The Fastest Money: Options
Simply put, options are contracts that give the buyer the right to buy or sell a stock at a future date for a set price. Traders use options to get in or out of a position quickly and as a way to protect their investments. Once a niche pocket of the investing world, options trading is growing at a 40% pace, according to the New York Stock Exchange.
But the options pits can be a confusing maze of “puts” and “calls” to the average investor. Pete Najarian, a veteran options trader, explained the ins and outs of the market and some of the ways he trades.
Cover call writing
Cover call writing involves a call option sold (or "written") against a holding of the underlying shares. If you hold a number of shares and feel that the short-term price outlook of the share price is weak – but you don’t want to sell the shares in hopes that they could go higher – you could gain additional income on your share holdings by writing a covered call.
This is the most popular way to use options, according to Pete. When he’s long a stock there is a very good chance he has sold an upside call.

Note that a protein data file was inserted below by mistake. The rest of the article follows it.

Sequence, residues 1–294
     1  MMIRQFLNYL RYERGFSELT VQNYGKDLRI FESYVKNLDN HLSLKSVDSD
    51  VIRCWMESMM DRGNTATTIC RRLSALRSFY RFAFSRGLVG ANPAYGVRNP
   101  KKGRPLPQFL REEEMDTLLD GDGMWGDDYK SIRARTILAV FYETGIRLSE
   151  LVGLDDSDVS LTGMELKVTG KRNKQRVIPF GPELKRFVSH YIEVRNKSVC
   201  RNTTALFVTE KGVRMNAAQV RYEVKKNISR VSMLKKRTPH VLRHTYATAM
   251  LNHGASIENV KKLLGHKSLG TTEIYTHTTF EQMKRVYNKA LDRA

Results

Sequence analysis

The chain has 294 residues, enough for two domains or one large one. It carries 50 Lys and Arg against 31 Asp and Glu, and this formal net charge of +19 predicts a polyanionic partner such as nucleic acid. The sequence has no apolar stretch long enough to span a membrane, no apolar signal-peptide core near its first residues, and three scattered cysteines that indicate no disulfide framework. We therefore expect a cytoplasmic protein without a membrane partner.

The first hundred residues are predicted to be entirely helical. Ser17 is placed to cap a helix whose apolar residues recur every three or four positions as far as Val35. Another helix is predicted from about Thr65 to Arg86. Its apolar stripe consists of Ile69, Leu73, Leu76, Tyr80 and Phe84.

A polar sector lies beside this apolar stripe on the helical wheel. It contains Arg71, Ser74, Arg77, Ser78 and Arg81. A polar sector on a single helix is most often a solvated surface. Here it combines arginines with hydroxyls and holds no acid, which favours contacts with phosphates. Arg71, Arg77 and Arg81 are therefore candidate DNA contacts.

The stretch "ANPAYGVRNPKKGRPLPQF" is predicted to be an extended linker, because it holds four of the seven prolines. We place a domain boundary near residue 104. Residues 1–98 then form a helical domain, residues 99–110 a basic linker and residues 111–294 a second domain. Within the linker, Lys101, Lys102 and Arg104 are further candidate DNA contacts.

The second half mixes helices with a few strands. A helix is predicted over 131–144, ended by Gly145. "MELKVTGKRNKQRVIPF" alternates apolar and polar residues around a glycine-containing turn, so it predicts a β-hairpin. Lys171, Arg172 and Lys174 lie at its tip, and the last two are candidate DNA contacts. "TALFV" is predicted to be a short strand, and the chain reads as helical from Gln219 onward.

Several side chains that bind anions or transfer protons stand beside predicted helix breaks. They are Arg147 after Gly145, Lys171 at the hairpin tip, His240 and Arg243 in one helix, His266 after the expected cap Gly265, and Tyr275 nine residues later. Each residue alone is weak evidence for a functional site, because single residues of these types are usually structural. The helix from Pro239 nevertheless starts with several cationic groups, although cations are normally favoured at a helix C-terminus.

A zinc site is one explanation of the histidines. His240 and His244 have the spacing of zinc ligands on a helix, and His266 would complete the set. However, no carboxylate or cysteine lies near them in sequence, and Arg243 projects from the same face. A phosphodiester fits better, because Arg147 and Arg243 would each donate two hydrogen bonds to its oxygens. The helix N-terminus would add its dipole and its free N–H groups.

Bull Call Spread
This trade is used when an investors expects a moderate rise in the price of the underlying asset. It is achieved by purchasing call options at a specific strike price while also selling the same number of calls of the same asset and expiration date but at a higher strike.
The key to this trade, said Pete, is instead of just buying the call you must also go outside and sell the next higher call and use that money to finance the purchase of the lower priced option.
Bear Put Spread
Used when an option trader expects a decline in the price of the underlying asset, a bear put spread is achieved by purchasing put options at a specific strike price while also selling the same number of puts at a lower strike price. The same principles used in the bull call spread apply.
> The Traders’ Styles
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Trader disclosure: On Feb.12, 2008, the day of taping, the following stocks and commodities mentioned or intended to be mentioned on CNBC’s Fast Money were owned by the Fast Money traders; Macke Owns (INTC), (YHOO), (DIS); Najarian Owns (BIIB), (C), (CSCO), (MCD), (MS), (MSFT), (YHOO), (XLF); Najarian Owns (AAPL) Calls; Najarian Owns (FRE) Puts; Finerman Owns (GS); Finerman's Firm Owns (AAPL), (GE), (MSFT), (WMT), (YHOO); Finerman's Firm And Finerman Own (HD); Finerman's Firm Is Short (SPY), (IJR), (IYR), (MDY), (IWM); Finerman's Firm Is Short (LEH) And Owns (LEH) Puts; Seymour Is Short (VIP) Puts